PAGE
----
Yesterday was the anniversary, as Texans will know, of an event in 1836 known as the Goliad Massacre. On March 27, which happened to be Palm Sunday that year, 357 men, Texans, were prisoners of the Mexicans. You can find a detailed account at the link, but making a long story short the men, under Colonel Fannin, had surrendered and had been promised humane treatment as prisoners by their Mexican captors. The agreement was not kept, and the captive Texans were dealt with treacherously. The Mexicans slaughtered 330 of the 357 Texans.
From one of the survivors, Dillard Cooper, his account of events that morning:
“Our detachment was marched out in double file, each prisoner being guarded by two soldiers, until within about half a mile southwest of the fort, we arrived at a brush fence, built by the Mexicans. We were then placed in single file, and were half way between the guard and the fence, eight feet each way. We were then halted, when the commanding officer came up to the head of the line, and asked if there were any of us who understood Spanish. By this time, there began to dawn upon the minds of us, the truth, that we were to be butchered, and that, I suppose, was the reason that none answered. He then ordered us to turn our backs to the guards. When the order was given not one moved, and then the officer, stepping up to the man at, the head of the column, took him by the shoulders and turned him around.
By this time, despair had seized upon our poor boys, and several of them cried out for mercy. I remember one, a young man, who had been noted for his piety, but who had afterwards become somewhat demoralized by bad company, falling on his knees, crying aloud to God for mercy, and forgiveness. Others, attempted to plead with their inhuman captors, but their pleadings were in vain, for on their faces no gleam of piety was seen for the defenseless men who stood before them. On my right hand, stood Wilson Simpson, and on my left, Robert Fenner. In the midst of the panic of terror which seized our men, and while some of them were rending the air with their cries of agonized despair, Fenner called out to them, saying: “Don’t take on so, boys; if we have to die, let’s die like brave men.”[The above narrative is no longer online; it was originally from a Texas A&M website. Maybe it is too politically incorrect.] – VA
Every Texas schoolchild used to be taught about this event and of course the well-known defense of the Alamo. There was a sense of pride — healthy pride, righteous pride, in our forefathers and their obvious bravery. Are there such men nowadays? I won’t say there aren’t; there must surely be a few, but given our demoralized condition we just don’t see or hear from those who would be the counterparts of the men at the Alamo or at Goliad, who, though they ‘lost’ showed real courage and dignity.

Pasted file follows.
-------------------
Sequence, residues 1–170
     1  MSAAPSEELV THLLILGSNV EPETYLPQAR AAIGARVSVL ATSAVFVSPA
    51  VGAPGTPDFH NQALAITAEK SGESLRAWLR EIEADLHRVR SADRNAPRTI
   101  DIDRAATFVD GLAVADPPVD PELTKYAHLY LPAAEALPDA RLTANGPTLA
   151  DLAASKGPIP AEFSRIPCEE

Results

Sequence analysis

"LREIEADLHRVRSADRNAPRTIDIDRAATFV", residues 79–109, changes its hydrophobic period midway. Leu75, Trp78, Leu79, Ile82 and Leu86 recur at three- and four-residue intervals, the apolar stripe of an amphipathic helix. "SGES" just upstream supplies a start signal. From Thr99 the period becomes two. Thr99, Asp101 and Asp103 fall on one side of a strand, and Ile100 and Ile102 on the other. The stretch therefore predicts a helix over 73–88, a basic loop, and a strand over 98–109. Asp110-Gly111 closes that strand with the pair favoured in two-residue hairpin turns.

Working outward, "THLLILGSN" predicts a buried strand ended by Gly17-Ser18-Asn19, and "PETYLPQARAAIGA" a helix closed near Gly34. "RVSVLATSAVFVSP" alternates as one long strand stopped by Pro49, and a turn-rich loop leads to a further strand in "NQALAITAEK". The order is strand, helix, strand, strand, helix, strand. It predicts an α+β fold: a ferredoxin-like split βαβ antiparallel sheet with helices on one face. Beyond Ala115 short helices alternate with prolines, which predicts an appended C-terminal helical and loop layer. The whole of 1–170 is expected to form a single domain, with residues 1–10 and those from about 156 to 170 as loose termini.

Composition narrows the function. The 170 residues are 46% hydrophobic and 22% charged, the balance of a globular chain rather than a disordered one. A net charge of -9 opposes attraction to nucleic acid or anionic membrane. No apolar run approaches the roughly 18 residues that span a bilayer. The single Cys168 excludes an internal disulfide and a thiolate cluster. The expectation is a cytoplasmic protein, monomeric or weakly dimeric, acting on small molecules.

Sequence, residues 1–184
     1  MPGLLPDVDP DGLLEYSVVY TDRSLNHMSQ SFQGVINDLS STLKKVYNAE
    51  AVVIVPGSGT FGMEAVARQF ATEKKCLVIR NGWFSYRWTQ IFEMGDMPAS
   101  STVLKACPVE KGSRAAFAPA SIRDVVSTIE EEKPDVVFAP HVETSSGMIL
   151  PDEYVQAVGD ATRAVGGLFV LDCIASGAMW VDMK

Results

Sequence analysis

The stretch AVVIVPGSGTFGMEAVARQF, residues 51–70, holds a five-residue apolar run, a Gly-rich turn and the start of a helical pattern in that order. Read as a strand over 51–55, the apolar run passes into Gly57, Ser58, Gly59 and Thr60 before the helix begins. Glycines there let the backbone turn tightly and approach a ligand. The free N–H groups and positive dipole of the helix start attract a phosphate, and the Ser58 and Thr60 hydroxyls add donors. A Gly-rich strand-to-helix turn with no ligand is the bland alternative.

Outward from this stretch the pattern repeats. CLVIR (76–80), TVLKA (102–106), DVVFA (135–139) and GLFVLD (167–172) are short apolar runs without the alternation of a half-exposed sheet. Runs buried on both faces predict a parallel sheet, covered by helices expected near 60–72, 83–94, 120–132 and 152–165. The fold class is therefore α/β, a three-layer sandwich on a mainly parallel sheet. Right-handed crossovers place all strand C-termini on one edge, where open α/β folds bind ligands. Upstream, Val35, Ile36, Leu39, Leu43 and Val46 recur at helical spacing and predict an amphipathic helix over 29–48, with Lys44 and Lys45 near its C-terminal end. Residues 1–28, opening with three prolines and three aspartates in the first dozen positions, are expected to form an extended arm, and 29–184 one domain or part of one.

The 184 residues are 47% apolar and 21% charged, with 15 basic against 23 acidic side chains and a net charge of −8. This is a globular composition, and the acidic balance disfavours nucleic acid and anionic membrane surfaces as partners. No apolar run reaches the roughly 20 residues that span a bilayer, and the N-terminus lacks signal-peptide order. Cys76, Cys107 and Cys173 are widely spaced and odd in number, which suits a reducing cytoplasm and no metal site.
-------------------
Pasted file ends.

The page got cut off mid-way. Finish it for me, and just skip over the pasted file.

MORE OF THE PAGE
And from the Texan perspective, the terrible bloodshed at Goliad perhaps led to the subsequent victory at the Battle of San Jacinto, where the Texans won decisively, with “Remember the Alamo! Remember Goliad!” being the battle cries that day. And ultimately Texas won its independence.
Fast forward to 2020. If our forefathers of that era saw what has become of the Texas they defended, fought and died for — would they do it all again?
The world has changed; we are a demoralized people; interest in the past, and in the history and culture of our folk is waning. Political correctness wants us to feel guilt, if we feel anything at all about our collective history as a people. I’ve asked rhetorically many times: are we our fathers’ children? Are we made of the same ‘stuff’ as those men who ‘died like men’ at Goliad and the Alamo?
Or does it even matter? “Everyone” online, I mean the consensus on the ”right” is that ‘America is dead’ , and what’s more, there is a DNR order; ‘she’ is not to be kept alive. We, some of us the heirs of the old Texas Republic have moved on and we live in this Brave New World/1984 scenario.
But somehow I think it’s vital for a people to maintain a connection with their roots, their heritage, their way of life, and most of all to be connected with our folk. And part of that is to have a history that binds us, a history reminding us of our origins and our forefathers and their deeds. Is it too late for that? Sadly, it may be. But we can surely take time to honor our forefathers in some way by remembering their sacrifices and their courage. Cynicism can only lead to a withering away of all the positive and healthy emotions, without which a folk can’t thrive.